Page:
Even now, my timeout from playing in the Super Netball doesn’t feel real yet.

I haven’t had a break from netball since high school. It’s been non-stop for over ten years now, and it’s been at a whole new level since I became captain of the New South Wales Swifts two years ago.

The fact I’m not completing a pre-season with the rest of my Swifts teammates, is difficult to process, but I’ve accepted that the timeout from the game with only help to rehabilitate the damage to my left knee.

It was a little bit of shock to hear the news from the team doctor at the end of last year – I knew full well that I would have to focus on rehabilitation over the off-season, due to the nature of my knee at the time, but never did I expect I would have to spend such a considerable amount of time away from the game.

At worst, I figured there’d be less time running and more time doing off-legs conditioning like swimming and being on a bike.

I’ve always managed my knee incredibly well and felt I could ensure the medical staff that my usual treatment and ongoing management plan would be enough to stay on top of my knee problem.

At first, the doctor wasn’t overly concerned when I met with her during our exit meeting.

“Everything looks to be going okay Abbey. It feels fine. We’ll send you for an MRI scan just to be safe though”.

But then a number of days began to pass, and I still hadn’t heard anything from the club doctor after I was sent away for my scans.

After not hearing back from her for a few days and knowing that the report from my scan had no doubt be done, I couldn’t wait any longer, so I called her.

“Oh Abbey, look, I haven’t called because I wasn’t sure how to tell you this.”

And as soon as I heard those words, I was like, “Oh, no…”

I knew right then and there, it was not going to be great news. And it wasn’t.

According to the doctor, the top of my tibia was on the verge of breaking and if I continued training the way I was that break was inevitable. I was at the point that it was so bruised up, there was significant risk that if it did not improve, I was a good chance of doing serious damage to the overall structure of my left knee.

As soon as I heard her assessment, I knew I wouldn’t be getting another Super Netball contract for 2019.

It was a major shock, it still is, especially because the damage was on a part of my knee that had never been damaged before. The majority of my issues have always been on the lateral side of my knee, where here the issue was mainly on the medial side.

I’ve never had to overcome a major injury like an ACL or achilles, like some of the girls I know are going through at this point in time.

It’s hard to accept that, due to my knee, I could a miss a year of netball. Maybe even more. We don’t know yet.

My initial knee injury actually happened back in 2011, so I’ve been carrying it for eight years now.

That’s how long I’ve been able to manage and treat it over time.  Sure, it swells and more often than not I use to lie in bed at night after a long day at training and the ache kept me awake, but it’s something I learnt to manage and deal with so that by the time I woke up I was in a position to train and play again.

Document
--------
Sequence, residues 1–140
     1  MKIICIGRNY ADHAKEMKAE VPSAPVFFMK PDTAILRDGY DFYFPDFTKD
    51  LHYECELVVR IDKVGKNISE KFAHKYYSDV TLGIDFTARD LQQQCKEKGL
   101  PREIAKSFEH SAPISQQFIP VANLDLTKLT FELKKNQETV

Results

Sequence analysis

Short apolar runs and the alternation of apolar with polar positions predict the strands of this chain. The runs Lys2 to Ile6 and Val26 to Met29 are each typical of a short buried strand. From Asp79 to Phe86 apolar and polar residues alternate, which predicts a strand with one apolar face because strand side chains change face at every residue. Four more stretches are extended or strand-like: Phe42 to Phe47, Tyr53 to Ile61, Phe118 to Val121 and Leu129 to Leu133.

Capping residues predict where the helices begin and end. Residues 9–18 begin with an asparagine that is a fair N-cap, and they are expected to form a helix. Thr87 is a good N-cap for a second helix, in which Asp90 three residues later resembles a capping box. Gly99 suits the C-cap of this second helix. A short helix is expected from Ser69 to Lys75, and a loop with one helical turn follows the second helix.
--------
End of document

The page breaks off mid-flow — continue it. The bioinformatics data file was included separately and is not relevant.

But never has it actually kept me out of the game.

I’ve just been able to manage it and deal with it and take it easy at training one day, so I can play the next.

It’s something I’d become used to, so the fact I’ve been told you can’t do anything for six or so months. That was a bit of a slap in the face and totally unexpected.

The day the girls started pre-season was the day that it all really hit me. I had been coping with it well, but that day hurt like no other.

I thought to myself, “Firstly – I’m not going to be playing in 2019, and secondly, I might never play again.

At the end of the day, my goal is to get back out on court and have a good season in the ANL competition with the NSW Waratahs, play well, and push for another contract in 2020.

I don’t know if that will happen, I might not be in a position to take the court come May, I might not be able to play the same way I use to and more likely than not I might not get another contract, but I want to give myself the best possible opportunity to do that.

And, if it doesn’t happen, I’ll probably walk away from playing the sport much happier than if I had retired at the end of the season when I was told I wasn’t getting a contract.

I don’t want to finish my career because a Doctor, Physio or Coach thinks my knee won’t survive.

I know my body well enough to know I could have played on in 2019, after all I’ve been living with this for over seven years now.

But it might not have been the best choice for the girls and the team, so I totally respect the decision that was made, but I want to finish on my terms, not somebody else’s terms.

I’m quite lucky to have even got myself to the spot that I’ve been in for the last six years.

I was sat down by many coaches and told, “You’re not good enough. You’re not ready to take that next step, so, no, we won’t be offering you a contract,” or “You won’t be making this team,” but I just kept persisting, because that’s what I wanted.

That’s the mentality my whole career has been built on – the fact that if I keep working hard, and I keep turning up, eventually my opportunity would come.

And whenever may be next, I’ll be ready for it when it does.